Successful renal transplantation following prior bone marrow transplantation in pediatric patients

Susan E. Thomas, Raymond J. Hutchinson, Meelie DebRoy, John C. Magee

Research output: Contribution to journalArticlepeer-review

33 Scopus citations


Improving survival rates following pediatric bone marrow transplantation (BMT) will likely result in greater numbers of children progressing to end-stage renal disease (ESRD) because of prior chemotherapy, irradiation, sepsis, and exposure to nephrotoxic agents. Renal transplantation remains the treatment of choice for ESRD; however, the safety of renal transplantation in this unique population is not well established. We report our experience with living related renal transplantation in three pediatric patients with ESRD following prior BMT. Two patients with neuroblastoma and ESRD because of BMT nephropathy, and one patient with Schimke immuno-osseous dysplasia and ESRD because of immune complex mediated glomerulonephritis and nephrotic syndrome. Age at time of BMT ranged from 2 to 7 yr. All patients had stable bone marrow function prior to renal transplantation. Age at renal transplant ranged from 8 to 14 yr. All three patients have been managed with conventional immunosuppression, as no patient received a kidney and BMT from the same donor source. These patients are currently 7 months to 6 yr status post-living related transplant. All have functioning bone marrow and kidney transplants, with serum creatinine levels ranging 0.6-1.2 mg/dL. There have been no episodes of rejection. One patient with a history of grade III skin and grade IV gastrointestinal-graft-vs.-host disease (GI-GVHD) prior to transplantation, had a mild flare of GI-GVHD (grade I) post-renal transplant and is currently asymptomatic. The incidence of opportunistic infection has been comparable with our pediatric renal transplant population without prior BMT. One patient was treated for basal cell carcinoma via wide local excision. Renal transplantation is an excellent option for the treatment of pediatric patients with ESRD following BMT. Short-term results in this small population show promising patient and graft survival, however long-term follow-up is needed. Pre-existing immune system impairment and bone marrow function should be taken into consideration when weighing different immunosuppressive agents for renal transplantation. Patients who have undergone renal transplantation following BMT are at high risk for opportunistic infections and malignancy, and need life-long medical surveillance.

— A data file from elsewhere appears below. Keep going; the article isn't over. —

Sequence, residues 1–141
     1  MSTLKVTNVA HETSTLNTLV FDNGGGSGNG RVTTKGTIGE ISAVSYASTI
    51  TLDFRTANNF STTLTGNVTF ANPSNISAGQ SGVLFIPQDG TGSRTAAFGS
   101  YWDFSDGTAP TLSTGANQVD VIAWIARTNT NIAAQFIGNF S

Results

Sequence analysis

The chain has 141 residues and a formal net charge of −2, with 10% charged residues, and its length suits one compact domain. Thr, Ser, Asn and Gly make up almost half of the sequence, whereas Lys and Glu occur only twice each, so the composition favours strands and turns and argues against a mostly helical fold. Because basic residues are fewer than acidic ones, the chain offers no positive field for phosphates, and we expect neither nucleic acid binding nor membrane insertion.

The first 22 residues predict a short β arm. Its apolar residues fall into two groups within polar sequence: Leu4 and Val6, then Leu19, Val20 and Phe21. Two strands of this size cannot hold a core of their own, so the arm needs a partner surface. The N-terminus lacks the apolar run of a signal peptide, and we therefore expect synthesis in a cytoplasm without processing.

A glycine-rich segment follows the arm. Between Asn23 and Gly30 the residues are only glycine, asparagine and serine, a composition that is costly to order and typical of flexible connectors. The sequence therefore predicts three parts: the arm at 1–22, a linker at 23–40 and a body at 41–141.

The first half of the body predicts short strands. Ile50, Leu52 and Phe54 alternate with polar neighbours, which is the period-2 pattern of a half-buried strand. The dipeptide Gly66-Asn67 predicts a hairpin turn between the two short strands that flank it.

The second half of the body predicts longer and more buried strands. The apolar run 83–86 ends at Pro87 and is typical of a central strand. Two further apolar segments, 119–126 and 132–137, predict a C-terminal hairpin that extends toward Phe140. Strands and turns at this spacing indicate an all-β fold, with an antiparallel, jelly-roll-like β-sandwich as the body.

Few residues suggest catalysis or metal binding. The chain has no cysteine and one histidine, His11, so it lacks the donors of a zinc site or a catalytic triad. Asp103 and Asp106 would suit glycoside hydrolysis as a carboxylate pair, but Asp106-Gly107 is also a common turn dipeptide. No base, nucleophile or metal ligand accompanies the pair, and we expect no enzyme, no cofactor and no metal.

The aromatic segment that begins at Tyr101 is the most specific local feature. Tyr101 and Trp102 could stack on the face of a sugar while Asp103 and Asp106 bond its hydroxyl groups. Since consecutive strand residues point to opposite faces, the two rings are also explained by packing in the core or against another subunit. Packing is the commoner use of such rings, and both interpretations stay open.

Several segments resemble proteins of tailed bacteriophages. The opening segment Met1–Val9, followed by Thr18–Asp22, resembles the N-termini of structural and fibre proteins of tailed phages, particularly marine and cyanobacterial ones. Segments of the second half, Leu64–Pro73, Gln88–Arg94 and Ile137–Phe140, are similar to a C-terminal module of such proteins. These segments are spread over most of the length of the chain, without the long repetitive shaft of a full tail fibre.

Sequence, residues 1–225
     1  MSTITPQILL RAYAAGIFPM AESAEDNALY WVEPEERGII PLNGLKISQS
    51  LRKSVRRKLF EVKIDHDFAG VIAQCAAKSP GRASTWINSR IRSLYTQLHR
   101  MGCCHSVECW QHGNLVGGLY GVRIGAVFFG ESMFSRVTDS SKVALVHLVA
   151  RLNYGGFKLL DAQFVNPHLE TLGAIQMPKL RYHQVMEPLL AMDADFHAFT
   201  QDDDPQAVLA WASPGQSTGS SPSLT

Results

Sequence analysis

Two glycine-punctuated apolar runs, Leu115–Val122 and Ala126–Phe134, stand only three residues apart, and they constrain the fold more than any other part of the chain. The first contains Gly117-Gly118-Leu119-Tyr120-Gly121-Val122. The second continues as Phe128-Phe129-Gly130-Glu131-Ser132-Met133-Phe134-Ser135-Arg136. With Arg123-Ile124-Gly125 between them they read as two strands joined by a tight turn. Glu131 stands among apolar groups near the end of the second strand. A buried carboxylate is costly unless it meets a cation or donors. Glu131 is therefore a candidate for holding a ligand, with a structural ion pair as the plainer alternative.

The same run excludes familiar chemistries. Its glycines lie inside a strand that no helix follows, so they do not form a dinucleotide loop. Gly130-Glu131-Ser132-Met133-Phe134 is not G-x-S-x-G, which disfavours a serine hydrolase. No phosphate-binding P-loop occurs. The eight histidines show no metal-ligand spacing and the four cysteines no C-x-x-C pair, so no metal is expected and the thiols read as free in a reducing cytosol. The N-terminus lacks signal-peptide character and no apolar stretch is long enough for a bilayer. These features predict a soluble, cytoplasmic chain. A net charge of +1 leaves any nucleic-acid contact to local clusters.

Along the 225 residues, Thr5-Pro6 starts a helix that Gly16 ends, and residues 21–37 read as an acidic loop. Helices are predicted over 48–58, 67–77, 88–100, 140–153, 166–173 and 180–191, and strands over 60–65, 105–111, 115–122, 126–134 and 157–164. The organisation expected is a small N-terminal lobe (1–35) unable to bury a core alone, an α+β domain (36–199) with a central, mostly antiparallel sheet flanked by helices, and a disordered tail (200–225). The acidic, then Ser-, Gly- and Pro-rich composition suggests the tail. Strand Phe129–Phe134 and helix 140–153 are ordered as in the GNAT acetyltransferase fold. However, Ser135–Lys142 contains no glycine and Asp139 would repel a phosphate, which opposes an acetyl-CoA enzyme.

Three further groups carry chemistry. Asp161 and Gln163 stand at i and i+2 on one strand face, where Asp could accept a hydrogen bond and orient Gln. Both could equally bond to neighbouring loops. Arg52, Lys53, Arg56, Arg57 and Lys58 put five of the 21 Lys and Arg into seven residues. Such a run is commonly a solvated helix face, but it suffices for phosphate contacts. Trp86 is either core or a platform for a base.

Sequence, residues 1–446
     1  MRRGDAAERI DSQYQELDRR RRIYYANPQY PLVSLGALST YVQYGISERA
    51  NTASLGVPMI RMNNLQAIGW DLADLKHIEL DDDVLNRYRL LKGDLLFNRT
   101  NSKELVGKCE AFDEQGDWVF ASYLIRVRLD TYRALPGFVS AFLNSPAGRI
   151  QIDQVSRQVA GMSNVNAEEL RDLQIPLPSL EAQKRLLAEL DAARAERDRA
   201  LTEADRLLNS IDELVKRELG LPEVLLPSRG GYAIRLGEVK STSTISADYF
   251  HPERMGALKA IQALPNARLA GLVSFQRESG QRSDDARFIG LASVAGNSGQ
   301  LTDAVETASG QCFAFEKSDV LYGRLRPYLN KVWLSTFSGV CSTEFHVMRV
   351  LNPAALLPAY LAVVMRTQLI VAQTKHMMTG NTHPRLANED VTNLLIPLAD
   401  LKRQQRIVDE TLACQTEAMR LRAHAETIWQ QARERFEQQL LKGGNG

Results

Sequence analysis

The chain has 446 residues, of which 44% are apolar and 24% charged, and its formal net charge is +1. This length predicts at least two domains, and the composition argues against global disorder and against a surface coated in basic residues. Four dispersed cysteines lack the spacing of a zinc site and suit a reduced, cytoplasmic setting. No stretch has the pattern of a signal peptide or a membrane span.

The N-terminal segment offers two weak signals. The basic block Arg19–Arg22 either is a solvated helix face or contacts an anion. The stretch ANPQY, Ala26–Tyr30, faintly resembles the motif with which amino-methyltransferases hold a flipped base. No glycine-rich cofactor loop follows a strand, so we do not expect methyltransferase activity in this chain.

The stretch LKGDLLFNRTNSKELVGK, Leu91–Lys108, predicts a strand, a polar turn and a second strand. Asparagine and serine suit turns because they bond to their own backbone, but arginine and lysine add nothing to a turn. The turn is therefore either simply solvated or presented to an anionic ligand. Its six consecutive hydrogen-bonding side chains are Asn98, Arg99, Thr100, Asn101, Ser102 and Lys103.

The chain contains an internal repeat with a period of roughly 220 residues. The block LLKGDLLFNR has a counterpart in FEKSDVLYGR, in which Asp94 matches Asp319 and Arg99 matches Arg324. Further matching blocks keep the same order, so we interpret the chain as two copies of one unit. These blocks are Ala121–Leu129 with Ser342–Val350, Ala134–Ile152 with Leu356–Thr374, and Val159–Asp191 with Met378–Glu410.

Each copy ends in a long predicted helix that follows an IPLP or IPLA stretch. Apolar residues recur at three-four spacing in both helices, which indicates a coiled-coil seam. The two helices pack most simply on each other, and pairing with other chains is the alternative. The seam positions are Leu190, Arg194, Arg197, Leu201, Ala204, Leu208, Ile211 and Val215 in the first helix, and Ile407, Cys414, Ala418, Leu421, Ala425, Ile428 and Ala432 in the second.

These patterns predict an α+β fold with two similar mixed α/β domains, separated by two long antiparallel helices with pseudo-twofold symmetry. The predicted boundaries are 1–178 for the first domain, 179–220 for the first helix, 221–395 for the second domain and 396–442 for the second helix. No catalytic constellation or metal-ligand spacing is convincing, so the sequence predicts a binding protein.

Original languageEnglish (US)
Pages (from-to)507-512
Number of pages6
JournalPediatric Transplantation
Issue number5
StatePublished - Oct 2004


  • Bone marrow transplant
  • Bone marrow transplant nephropathy
  • End-stage renal disease
  • Kidney transplant

ASJC Scopus subject areas

  • Pediatrics, Perinatology, and Child Health
  • Transplantation


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